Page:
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What I Learned – Top 10 Cleveland Browns Quarterbacks of All Time

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Browns quarterback Baker Mayfield prepares to make a pass against the Patriots, 2019. Mayfield hopes to one day be considered among the best Browns quarterbacks of all time.© Greg M. Cooper-USA TODAY SportsWho Are the 10 Greatest Browns Quarterbacks of All Time?Over the course of Browns history, 59 quarterbacks have started a game. While more than half of those players have appeared since 1999, there were a number of productive players who appeared in earlier years, as well. In fact, the only quarterback in team history to make it into the Pro Football Hall of Fame for contributions made to the Browns was also their first—Otto Graham. Graham will certainly appear on this list, as well as a handful of others who led Cleveland to the playoffs and/or picked up individual honors.When the Browns franchise was born in 1946, Graham was the strongest player on the team. In those early years, their prolific passing offense helped Cleveland win five straight championships. Throughout the 1960s and ’70s, their quarterback talent dipped by comparison, but not so much that the Browns didn’t make the postseason a few times (including a championship win in 1964).There was a resurgence in the ’80s, with strong quarterbacks nearly sending the Browns to the Super Bowl several times. But since the Browns returned as an expansion franchise in 1999, there has been a revolving door of quarterbacks, many of whom were mediocre at best. Current starter Baker Mayfield is the 30th quarterback to start a game for Cleveland since ’99, but he’s also provided the greatest hope for the team in three decades.Selection CriteriaLegacy Honors (Hall of Fame, Ring of Honor, retired number, etc.)
Single-Season Honors (MVP, All-Pro, Pro Bowl, league leader, etc.)
On-Field Success (winning percentage, winning seasons, playoff appearances, etc.)
Longevity (years with Browns, percentage of career with Browns, etc.)
Only games played with the Browns are factored into this list, so while Hall of Famer Len Dawson is a prime candidate for a list about the Chiefs, his nine-game, 108-yard career numbers in Cleveland won’t make the cut here.Following this list, I’ve also included a few honorable mentions, quarterback trivia and franchise records.10. Derek AndersonYears With the Browns: 2006–09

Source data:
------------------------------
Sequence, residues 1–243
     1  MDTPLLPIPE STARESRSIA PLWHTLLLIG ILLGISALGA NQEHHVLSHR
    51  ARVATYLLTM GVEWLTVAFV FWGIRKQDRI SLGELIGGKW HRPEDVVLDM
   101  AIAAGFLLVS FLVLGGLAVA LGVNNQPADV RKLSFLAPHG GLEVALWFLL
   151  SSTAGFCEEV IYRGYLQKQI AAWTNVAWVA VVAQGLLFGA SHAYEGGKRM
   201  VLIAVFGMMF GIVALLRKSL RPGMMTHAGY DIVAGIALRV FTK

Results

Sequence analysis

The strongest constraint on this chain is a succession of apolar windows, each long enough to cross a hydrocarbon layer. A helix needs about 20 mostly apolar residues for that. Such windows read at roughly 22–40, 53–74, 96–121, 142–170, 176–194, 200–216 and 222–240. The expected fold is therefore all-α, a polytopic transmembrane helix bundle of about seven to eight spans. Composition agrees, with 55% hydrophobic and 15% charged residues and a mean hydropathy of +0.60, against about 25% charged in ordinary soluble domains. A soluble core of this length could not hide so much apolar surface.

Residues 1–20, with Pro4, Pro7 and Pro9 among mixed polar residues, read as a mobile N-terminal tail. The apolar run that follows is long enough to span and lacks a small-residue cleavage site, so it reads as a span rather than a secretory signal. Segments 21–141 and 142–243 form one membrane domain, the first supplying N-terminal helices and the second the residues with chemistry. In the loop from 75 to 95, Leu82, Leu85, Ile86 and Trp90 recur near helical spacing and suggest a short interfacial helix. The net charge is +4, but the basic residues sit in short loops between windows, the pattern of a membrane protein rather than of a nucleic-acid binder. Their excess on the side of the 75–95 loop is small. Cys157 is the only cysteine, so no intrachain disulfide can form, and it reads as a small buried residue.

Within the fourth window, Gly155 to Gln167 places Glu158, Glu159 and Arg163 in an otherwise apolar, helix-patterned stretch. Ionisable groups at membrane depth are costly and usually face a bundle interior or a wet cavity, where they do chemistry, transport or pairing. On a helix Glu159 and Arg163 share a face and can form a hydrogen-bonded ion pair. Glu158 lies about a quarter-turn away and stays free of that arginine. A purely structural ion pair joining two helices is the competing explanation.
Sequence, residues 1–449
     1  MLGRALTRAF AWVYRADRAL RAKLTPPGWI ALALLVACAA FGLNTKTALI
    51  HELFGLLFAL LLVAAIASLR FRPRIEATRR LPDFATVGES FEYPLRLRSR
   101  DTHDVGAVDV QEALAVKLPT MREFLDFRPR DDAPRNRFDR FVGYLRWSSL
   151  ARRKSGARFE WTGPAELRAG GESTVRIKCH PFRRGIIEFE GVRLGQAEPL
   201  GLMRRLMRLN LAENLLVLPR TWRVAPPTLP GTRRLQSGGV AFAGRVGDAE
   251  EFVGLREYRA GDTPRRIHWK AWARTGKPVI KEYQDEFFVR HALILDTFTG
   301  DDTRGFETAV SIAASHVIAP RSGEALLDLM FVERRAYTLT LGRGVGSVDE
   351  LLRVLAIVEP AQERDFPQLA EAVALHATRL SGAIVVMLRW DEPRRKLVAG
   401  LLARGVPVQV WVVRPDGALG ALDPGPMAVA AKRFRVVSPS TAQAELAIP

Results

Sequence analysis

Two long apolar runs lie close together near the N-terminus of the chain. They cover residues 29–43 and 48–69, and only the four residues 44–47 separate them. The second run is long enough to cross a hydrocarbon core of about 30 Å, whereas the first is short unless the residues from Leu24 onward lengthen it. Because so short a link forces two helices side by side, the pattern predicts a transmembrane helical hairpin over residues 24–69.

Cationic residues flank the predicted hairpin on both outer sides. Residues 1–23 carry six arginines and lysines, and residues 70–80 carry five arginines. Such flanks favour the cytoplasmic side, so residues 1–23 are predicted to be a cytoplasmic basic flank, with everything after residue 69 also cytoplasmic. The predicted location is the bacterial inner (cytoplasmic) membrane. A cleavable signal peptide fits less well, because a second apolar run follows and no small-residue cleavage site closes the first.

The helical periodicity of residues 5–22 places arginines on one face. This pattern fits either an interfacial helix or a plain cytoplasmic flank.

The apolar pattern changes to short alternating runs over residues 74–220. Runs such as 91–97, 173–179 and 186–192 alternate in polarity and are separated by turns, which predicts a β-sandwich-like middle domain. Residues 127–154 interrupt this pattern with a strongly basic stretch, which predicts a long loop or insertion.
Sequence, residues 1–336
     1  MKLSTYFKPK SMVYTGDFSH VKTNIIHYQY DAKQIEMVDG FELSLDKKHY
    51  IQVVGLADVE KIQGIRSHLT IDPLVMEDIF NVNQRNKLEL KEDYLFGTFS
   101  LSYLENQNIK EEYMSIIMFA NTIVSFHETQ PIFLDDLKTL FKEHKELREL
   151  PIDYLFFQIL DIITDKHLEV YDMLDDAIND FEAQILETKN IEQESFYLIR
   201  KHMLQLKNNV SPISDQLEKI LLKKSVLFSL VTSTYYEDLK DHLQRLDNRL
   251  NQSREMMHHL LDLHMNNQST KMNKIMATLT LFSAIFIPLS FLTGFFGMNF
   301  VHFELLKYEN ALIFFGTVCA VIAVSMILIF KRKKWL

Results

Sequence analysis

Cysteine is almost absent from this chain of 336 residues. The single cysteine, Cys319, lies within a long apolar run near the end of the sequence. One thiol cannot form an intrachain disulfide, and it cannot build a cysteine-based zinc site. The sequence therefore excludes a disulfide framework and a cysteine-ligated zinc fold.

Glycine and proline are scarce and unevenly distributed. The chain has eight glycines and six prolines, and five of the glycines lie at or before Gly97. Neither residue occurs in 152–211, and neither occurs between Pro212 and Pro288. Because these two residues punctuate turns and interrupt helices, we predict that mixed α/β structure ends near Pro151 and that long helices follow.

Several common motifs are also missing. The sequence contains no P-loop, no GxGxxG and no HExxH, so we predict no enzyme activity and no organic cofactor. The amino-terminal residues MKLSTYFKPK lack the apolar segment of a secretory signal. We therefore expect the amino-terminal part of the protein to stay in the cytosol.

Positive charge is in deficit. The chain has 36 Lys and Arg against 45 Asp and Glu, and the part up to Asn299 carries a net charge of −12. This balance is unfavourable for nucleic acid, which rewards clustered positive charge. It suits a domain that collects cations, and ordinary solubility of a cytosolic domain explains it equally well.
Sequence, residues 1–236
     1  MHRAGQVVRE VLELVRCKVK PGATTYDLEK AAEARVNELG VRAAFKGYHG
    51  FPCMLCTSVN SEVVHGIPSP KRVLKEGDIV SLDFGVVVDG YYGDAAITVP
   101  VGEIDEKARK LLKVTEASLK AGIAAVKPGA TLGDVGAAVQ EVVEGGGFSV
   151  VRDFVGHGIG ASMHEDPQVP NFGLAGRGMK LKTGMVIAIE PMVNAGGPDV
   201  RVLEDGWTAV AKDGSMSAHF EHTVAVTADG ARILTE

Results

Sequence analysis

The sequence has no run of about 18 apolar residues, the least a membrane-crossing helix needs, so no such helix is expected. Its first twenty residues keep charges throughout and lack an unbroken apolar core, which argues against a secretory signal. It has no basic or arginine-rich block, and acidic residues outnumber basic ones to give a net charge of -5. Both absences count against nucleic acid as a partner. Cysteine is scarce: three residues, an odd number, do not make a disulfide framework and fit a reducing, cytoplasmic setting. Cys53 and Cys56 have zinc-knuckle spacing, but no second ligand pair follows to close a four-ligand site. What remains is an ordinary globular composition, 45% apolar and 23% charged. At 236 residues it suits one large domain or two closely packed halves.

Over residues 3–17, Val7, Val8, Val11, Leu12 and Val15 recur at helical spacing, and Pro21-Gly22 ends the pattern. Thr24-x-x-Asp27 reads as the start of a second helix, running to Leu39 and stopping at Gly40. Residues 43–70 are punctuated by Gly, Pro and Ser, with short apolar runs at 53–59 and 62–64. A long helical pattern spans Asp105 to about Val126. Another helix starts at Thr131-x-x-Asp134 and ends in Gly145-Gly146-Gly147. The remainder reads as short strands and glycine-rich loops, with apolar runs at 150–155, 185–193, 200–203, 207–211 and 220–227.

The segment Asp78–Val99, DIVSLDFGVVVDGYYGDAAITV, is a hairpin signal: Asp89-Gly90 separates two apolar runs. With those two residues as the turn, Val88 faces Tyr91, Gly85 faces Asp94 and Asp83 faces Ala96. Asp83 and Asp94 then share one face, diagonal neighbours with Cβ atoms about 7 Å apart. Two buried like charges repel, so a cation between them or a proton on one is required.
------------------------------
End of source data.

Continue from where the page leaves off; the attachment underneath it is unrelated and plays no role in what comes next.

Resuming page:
Regular-Season Record: 16–18
Pro Bowl: 2007
In 2007, it appeared the Browns’ quarterback woes had finally been resolved. Derek Anderson had a breakout season and led the Browns to a 10–6 record, which was their first winning season since 2002. That success, however, did not continue. Between a season-ending injury in 2008 and a subpar season in 2009, Anderson struggled on the field and ultimately moved on to the Cardinals. Despite the later struggles, Anderson made 2007 a season to remember for Browns fans.The Browns claimed Anderson off waivers in 2005, but he wouldn’t see the field until the following season. Then, after a preseason split between himself, incumbent starter Charlie Frye and first-round draft pick Brady Quinn, Anderson was named the backup for the 2007 season. His role quickly changed, though, after Frye was benched in the first half of the season opener, leaving Anderson an opportunity to seize the starter’s spot. Frye was traded two days later, and Anderson threw five touchdowns in Week 2 to kick off the best season he would ever have.Just a few hours after hitting the free-agent market the following season, Anderson signed a three-year contract with the Browns. This was a surprise move, given that the Browns had traded up in the draft to select Quinn. Over the next two seasons, Anderson and Quinn would both see plenty of action, but neither proved to be a long-term solution. Anderson closed out his Browns career by completing 587 of 1,109 passes for 7,083 yards, 46 touchdowns and 45 interceptions.Derek Anderson’s Statistics With the BrownsYearGGSRecordCompAttComp%YdsTDInt9. Mike PhippsYears With the Browns: 1970–76
Regular-Season Record: 24-25-2
Playoff Appearances: 1971–72
Playoff Record: 0–3